Of course, now I’m on a total Carol of the Bells kick, and actively searching for the definitive best version of it. (I’ve got to say that, so far, one of my favorites is the Trans-Siberian Orchestra’s Christmas Eve/Sarajevo 12/24, which is more rock-influenced than anything else.)
Today was a frustrating day at work, mainly because a mother decided to abscond from the hospital with her child. The girl was a pretty tight bronchiolitic who was still receiving oxygen, as well as nebulizer treatments every three hours; the mom had been itching to take her daughter home, and had made that fact known to everyone. Two different doctors had explained to her how important it was for her daughter to remain in the hospital, apparently to no avail. To top it off, the mother left decoy belongings in the room to make it appear that they hadn’t truly left — a purse (which was empty), a few scarves (but no jackets or blankets), and a few personal items of food.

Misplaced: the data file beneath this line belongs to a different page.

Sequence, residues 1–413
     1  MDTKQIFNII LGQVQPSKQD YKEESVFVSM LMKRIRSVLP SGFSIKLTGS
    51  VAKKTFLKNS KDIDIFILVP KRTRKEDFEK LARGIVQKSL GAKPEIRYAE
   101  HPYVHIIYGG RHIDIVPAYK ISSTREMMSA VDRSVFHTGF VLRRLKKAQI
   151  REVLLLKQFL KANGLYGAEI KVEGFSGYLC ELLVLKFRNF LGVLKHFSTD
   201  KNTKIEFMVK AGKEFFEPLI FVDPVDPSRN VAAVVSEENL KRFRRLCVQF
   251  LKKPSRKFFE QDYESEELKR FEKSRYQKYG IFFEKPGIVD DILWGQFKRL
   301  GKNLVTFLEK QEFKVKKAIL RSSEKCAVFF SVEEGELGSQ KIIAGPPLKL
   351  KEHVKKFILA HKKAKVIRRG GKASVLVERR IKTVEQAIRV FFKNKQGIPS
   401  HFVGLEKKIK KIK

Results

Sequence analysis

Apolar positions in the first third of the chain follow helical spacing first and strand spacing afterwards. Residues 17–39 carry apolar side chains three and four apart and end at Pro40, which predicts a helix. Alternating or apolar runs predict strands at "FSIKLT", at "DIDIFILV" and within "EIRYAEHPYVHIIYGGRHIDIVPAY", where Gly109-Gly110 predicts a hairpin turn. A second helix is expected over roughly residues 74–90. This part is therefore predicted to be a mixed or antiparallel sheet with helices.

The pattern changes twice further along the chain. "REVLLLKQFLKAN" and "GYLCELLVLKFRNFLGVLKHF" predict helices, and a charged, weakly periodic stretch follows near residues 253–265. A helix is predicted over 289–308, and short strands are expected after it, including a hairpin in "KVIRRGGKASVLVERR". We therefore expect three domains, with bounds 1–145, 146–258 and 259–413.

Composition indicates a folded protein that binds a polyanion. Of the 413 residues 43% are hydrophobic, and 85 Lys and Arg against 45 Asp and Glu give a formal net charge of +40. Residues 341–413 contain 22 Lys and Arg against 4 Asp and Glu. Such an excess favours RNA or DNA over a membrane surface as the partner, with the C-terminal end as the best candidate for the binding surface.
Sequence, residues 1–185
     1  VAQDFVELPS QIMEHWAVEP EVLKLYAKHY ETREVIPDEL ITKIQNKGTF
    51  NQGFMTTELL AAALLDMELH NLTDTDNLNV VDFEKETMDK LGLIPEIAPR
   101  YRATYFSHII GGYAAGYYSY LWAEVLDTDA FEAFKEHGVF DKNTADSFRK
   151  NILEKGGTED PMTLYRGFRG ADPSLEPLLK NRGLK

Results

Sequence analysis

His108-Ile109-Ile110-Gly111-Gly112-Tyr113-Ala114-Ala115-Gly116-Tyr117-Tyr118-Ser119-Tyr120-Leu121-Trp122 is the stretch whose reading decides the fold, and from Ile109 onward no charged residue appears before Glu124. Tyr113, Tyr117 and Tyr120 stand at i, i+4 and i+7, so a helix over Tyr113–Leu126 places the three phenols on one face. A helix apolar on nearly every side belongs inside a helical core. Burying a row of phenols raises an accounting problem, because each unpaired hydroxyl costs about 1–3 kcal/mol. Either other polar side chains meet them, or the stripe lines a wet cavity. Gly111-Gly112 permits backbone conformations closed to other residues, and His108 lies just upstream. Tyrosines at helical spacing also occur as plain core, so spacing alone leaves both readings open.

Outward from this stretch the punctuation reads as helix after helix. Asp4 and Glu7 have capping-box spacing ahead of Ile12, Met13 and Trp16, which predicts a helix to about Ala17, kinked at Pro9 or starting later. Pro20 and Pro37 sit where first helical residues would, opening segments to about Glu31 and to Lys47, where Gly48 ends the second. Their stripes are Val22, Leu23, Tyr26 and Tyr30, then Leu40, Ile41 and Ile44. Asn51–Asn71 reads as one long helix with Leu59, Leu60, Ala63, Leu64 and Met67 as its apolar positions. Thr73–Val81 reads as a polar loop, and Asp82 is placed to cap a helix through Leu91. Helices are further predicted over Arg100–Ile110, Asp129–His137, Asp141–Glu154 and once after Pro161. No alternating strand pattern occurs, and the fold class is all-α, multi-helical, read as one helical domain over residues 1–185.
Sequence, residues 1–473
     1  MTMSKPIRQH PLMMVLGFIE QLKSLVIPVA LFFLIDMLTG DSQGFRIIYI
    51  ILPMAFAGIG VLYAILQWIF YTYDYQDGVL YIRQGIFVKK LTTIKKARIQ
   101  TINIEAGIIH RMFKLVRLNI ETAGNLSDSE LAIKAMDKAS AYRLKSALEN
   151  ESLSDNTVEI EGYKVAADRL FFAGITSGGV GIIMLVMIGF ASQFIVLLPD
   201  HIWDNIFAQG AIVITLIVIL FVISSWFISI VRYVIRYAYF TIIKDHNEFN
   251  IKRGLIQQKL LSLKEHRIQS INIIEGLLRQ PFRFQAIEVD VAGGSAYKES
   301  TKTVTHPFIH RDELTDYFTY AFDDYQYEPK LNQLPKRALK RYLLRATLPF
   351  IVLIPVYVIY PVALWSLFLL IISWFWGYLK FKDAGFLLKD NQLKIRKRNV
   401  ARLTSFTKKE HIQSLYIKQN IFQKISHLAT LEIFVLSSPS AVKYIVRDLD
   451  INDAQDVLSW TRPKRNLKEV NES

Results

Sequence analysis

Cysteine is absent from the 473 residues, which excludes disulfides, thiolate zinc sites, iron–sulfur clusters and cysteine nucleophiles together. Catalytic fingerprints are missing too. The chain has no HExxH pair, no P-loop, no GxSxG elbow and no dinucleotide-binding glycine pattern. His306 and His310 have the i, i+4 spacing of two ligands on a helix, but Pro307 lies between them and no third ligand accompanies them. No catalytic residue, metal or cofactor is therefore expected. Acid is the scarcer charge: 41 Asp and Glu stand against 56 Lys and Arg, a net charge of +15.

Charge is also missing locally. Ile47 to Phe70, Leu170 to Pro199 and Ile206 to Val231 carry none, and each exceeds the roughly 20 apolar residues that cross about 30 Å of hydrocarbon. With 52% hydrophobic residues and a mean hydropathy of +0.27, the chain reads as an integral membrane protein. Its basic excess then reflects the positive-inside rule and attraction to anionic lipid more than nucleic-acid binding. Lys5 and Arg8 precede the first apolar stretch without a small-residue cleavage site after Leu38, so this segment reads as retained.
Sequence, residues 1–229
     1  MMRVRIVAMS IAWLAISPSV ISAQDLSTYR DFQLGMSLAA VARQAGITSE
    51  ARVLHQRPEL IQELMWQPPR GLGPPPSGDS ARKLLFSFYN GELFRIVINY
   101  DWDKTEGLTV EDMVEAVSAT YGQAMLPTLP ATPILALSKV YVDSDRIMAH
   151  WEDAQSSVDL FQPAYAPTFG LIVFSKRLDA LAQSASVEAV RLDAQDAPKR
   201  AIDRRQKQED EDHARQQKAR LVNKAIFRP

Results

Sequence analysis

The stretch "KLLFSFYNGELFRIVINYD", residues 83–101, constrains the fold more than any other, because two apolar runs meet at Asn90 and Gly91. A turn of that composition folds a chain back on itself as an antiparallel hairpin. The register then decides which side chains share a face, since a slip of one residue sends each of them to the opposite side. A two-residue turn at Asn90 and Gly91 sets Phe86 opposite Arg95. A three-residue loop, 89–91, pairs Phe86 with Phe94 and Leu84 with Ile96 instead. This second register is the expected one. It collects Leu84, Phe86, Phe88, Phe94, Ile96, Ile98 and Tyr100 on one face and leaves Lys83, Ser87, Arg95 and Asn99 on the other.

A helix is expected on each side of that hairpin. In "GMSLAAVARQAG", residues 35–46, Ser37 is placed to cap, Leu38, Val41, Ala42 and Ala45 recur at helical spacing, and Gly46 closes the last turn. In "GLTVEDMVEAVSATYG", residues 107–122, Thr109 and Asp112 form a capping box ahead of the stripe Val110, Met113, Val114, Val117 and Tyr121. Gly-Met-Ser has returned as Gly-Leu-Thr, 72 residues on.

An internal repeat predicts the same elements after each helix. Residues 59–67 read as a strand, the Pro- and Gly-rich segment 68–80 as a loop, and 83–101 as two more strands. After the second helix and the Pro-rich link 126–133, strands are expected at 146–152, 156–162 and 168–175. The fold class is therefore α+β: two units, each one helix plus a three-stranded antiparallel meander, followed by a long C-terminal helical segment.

I doubt that this mother understood exactly what she was starting when she decided to leave with her daughter, but as far as I understand, there’s now a warrant out for her arrest, and given that the child is young and requires medical attention, there are a significant number of New York City’s Finest out on the streets looking for the family. There’s also an open case with the Administration for Child Services for medical neglect, something which rarely ends well for parents who demonstrate that they aren’t concerned about the health of their babies.